I recently gave a talk about ivory in a local (Oregon) community. Somewhere in my 30 minutes on stage I felt several members of the crowd begin to turn against me. This had never happened to me before. As soon as it was over I was approached by several (very agitated) guests.
One of them owned a “precious” chess set made of ivory. Another spoke of a set of ivory pool balls that had been in his family for years. A third had an absolutely enormous tusk (judging by the picture he showed me on his phone) and “planned to go back to Africa for more as soon as time permitted.”
The elephants are already dead, they argued. What difference would it make if they sold their precious treasures? These are good questions. Ones I get asked all too frequently these days. Are these men villains? No, I don’t think so. I think there is a keen unawareness however, of how our actions as an individual affect the problem as a whole.
Would one ivory chess set in the market make a difference? No. How about a million chess sets? Or a trillion? This is the level of ivory that we are talking about here. There is so much ivory (legal and illegal) in the market now, as a result of so many elephants being killed in the last decade that my answer to that question is:
“Yes, that ONE ivory chess set, set of pool balls or giant tusk makes an enormous difference.”
Because it isn’t just one is it? It is a million chess sets, it is a million pool balls and it equals hundreds upon thousands of slaughtered elephants. Yet, as I spoke with these men they genuinely wanted to help save elephants. They could not understand how selling their ivory was, in any way making the problem worse.
Recently, I read an article in which a survey was conducted with several Chinese people to determine their attitudes towards the trade of ivory and rhino horn. The survey found some surprising results:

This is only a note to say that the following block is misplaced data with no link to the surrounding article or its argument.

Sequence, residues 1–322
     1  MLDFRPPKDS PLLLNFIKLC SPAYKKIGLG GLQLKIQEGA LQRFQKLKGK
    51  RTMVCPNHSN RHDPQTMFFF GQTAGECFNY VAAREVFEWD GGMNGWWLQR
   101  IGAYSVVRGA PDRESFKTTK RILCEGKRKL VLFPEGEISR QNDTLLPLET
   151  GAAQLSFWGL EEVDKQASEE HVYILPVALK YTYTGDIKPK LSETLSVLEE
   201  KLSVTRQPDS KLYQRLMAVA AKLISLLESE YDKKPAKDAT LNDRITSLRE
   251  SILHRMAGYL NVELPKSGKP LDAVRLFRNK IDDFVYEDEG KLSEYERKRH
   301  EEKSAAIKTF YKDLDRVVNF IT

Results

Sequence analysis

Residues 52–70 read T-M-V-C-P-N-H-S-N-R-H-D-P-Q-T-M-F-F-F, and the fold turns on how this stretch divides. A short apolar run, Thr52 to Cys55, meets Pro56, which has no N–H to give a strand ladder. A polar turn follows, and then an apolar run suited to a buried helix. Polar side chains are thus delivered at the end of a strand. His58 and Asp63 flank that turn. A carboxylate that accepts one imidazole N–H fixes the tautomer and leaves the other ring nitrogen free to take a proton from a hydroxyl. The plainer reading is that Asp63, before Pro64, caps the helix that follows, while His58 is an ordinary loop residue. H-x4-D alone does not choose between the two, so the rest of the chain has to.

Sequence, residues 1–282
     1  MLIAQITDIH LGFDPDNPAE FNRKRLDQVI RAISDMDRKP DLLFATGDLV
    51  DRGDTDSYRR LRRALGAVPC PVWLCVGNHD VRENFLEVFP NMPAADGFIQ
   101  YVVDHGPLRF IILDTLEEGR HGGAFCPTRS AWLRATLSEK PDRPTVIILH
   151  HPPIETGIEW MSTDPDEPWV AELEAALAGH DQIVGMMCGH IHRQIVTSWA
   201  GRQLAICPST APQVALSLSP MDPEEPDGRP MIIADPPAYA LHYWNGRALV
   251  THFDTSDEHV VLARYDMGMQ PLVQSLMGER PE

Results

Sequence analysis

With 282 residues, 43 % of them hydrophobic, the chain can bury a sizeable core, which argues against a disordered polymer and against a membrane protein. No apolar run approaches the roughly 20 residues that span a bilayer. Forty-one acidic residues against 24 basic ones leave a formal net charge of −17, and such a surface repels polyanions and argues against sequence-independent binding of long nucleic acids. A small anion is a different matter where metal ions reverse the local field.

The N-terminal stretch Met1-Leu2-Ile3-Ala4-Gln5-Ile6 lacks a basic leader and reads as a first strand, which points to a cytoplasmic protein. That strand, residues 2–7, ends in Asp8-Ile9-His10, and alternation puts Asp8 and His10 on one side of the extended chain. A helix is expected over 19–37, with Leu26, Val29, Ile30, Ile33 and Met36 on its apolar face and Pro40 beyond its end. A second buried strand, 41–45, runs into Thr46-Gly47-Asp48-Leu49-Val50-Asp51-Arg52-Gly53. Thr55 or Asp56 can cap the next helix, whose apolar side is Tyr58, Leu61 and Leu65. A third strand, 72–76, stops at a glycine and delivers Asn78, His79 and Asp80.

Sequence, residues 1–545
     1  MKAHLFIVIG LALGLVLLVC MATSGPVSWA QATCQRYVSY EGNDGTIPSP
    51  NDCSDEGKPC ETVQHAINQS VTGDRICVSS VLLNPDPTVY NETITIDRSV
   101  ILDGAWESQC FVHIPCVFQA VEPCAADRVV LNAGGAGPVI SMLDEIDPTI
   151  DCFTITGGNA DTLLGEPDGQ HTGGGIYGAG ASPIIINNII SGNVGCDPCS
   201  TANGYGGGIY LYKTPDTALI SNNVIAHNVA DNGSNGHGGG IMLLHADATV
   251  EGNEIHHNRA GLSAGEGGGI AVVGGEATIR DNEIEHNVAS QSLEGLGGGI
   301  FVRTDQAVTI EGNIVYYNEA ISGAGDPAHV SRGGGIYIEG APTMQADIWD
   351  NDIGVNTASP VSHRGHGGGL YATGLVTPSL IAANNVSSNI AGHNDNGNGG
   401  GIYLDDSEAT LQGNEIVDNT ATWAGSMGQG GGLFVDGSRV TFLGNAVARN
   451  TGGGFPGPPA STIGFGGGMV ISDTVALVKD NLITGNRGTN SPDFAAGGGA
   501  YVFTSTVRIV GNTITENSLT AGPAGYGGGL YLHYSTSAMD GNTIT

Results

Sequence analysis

“The Chinese, as individuals are increasingly aware of the harsh realities underpinning the sale of ivory and rhino horn. But they feel removed from complicity, and not interested in taking a stand against it.”
Hmmm…that sounds familiar.
How can we possibly point our finger at the Chinese when we are just as removed from complicity as they are? At least one person at each speaking event has expressed wonder when I bring up the fact that the United States is one of the greatest contributors to the elephant poaching crisis. Yet, also at each event are people who own ivory and feel a sense of entitlement to be able to sell it, not pass it down, give it away or donate it but to sell it for cold, hard cash.
A friend of mine recently made a rather remarkable comment when she said, “Can you imagine if we were talking about selling treasurers and mementos of the Holocaust? If we were offering a tooth of a small child who died in a gas chamber for sale as a necklace? Can you imagine anything more horrific than that?”
No, I can’t.
Yet, there is destruction and slaughter on a mass scale going on as we speak. There is an elephant holocaust that without serious intervention will soon be over. The poaching of elephant’s is one of the world’s largest holocaust’s anyone has ever seen. While they are literally being wiped off of the planet, ivory is still being sold in a local store just down the street from where I live.
The question is: Why is owning a memento from a human holocaust so completely revolting while owning ivory from an elephant holocaust still considered so…valuable?